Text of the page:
Package Discovery – How to Share Software Packages

Presenter: Kevin Griffin of SwiftKick Training, and an Inedo-certified Master Trainer

Note: The following text is a transcript of the video, with minor edits for readability.

There are multiple ways to share packages.

This is important because if we have these packages, and we know they exist, how do we put them in a place that is discoverable for members of our team? Or for other people out there in the world, that we want to share our content with?

We’ll talk about two different ways.

Direct Copy

This isn’t the most efficient way to share packages, but it works and it’s still good enough. It’s better than manually getting all the files, wherever they might be.

I’ve seen this before, where we have a package that has a manifest inside of it, and all the binaries are code snippets, and we put those out on a UNC-path. I know, it’s what we talked about was bad, using UNC-paths. But the packages are already in a central location, and if folks know where that central location is, we can install the packages from that central location.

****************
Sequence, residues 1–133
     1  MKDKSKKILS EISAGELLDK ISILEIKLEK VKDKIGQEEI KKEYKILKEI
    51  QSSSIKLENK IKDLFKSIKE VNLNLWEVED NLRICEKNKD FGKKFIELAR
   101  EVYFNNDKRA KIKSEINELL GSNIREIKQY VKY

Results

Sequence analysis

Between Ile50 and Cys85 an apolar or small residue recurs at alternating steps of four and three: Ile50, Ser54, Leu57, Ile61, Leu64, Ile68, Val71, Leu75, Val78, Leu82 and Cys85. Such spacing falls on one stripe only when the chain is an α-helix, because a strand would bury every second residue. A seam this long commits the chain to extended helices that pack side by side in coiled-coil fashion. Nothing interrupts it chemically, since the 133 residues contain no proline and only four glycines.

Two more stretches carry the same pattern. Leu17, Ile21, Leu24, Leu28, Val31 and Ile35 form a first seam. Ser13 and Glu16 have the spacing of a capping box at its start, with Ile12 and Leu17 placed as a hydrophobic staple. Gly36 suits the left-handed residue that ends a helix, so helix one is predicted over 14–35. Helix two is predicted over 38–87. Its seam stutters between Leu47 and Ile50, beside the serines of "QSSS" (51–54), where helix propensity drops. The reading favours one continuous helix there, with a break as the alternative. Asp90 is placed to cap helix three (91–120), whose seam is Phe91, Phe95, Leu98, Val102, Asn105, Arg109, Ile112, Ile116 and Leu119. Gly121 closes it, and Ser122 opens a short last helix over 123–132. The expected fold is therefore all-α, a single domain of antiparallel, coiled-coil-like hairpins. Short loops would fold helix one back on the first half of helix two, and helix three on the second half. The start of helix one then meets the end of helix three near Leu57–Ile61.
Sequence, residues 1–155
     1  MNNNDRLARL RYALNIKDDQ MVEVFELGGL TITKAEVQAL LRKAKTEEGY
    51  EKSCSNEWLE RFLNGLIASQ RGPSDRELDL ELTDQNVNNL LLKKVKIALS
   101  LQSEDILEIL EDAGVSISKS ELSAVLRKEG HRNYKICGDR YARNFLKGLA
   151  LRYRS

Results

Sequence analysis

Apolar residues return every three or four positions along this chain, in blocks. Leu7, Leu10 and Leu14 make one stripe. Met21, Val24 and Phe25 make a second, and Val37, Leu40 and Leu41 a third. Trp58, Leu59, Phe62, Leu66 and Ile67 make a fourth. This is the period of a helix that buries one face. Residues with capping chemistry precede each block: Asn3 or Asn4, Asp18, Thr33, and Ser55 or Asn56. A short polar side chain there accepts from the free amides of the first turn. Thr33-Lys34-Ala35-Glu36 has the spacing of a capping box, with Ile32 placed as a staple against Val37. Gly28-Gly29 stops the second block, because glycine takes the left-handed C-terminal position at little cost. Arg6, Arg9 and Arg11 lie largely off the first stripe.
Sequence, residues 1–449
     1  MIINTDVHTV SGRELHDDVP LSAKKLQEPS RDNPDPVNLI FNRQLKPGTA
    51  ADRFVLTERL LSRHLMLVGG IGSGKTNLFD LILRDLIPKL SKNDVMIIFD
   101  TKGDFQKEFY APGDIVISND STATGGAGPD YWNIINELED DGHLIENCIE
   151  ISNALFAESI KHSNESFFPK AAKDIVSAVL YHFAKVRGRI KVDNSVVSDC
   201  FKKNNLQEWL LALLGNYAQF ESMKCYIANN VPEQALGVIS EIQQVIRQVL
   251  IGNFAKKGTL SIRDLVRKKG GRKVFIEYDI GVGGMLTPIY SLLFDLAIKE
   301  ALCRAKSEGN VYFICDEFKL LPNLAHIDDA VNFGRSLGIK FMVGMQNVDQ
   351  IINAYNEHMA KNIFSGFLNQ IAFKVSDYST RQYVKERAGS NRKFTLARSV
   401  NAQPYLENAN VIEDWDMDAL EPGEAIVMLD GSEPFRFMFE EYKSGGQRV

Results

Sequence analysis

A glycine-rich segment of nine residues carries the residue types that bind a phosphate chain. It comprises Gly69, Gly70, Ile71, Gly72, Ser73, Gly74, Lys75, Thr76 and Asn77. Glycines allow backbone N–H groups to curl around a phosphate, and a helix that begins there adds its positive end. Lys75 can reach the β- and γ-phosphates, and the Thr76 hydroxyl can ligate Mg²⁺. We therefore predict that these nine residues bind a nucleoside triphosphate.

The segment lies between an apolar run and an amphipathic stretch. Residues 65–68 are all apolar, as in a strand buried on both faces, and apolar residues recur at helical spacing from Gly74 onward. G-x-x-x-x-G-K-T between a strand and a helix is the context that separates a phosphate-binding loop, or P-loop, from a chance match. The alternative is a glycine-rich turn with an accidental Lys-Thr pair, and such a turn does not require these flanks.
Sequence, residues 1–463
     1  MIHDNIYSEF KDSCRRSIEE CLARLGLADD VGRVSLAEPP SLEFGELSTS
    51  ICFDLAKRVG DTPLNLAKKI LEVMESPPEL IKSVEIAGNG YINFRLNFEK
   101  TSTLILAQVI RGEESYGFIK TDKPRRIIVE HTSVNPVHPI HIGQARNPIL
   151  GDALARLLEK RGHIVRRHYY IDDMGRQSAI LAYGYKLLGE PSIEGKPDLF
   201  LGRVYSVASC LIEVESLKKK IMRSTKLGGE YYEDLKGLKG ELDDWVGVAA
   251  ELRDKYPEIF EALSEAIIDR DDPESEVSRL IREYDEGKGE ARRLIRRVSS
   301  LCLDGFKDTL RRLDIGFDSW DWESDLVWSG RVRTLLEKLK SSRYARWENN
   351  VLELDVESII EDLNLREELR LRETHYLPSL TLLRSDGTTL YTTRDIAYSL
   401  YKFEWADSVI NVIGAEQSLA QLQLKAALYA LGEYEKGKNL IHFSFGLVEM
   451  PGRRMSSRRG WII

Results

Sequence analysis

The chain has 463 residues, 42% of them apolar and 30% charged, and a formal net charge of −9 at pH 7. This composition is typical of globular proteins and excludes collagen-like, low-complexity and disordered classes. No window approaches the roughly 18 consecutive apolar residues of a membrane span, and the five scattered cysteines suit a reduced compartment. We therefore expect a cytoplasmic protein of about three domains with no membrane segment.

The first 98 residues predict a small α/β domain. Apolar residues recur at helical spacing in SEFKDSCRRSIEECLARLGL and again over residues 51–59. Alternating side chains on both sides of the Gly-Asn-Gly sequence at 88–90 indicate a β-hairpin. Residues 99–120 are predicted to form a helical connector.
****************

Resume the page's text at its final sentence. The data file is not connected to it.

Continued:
It’s difficult to deal with versioning with the Direct Copy approach because you just end up with a lot of files. You could end up with Kevin’s package 1.0, Kevin’s package 1.1, Kevin’s package 1.2, and so on. You would then have to maintain all these different versions in just one central location.

Also, Direct Copy is not easily searchable.

If you don’t realize Kevin’s package is named the way that it is, there’s no search engine that will go through that directory. It would be up to you as the consumer to look through all the content and figure out which package that you want to pull in.


We really recommend feeds, instead of something like direct copy.

With a feed, whether you are using the public repositories for any of these feed managers, or you maintain your own with something like ProGet, you want a system that can track these packages.

A feed will know all the metadata about the packages, the versions of the packages, and it can track the various versions of the packages. It also gives you one-click or one-command installation of the packages.

If you have a case where all your packages are internal private code that you don’t want to share with the rest of the world, then you definitely need a tool like ProGet because it has the tools that aren’t available in any of these public repositories.

When we go into the section about UPack, I will show you a little bit more about ProGet.

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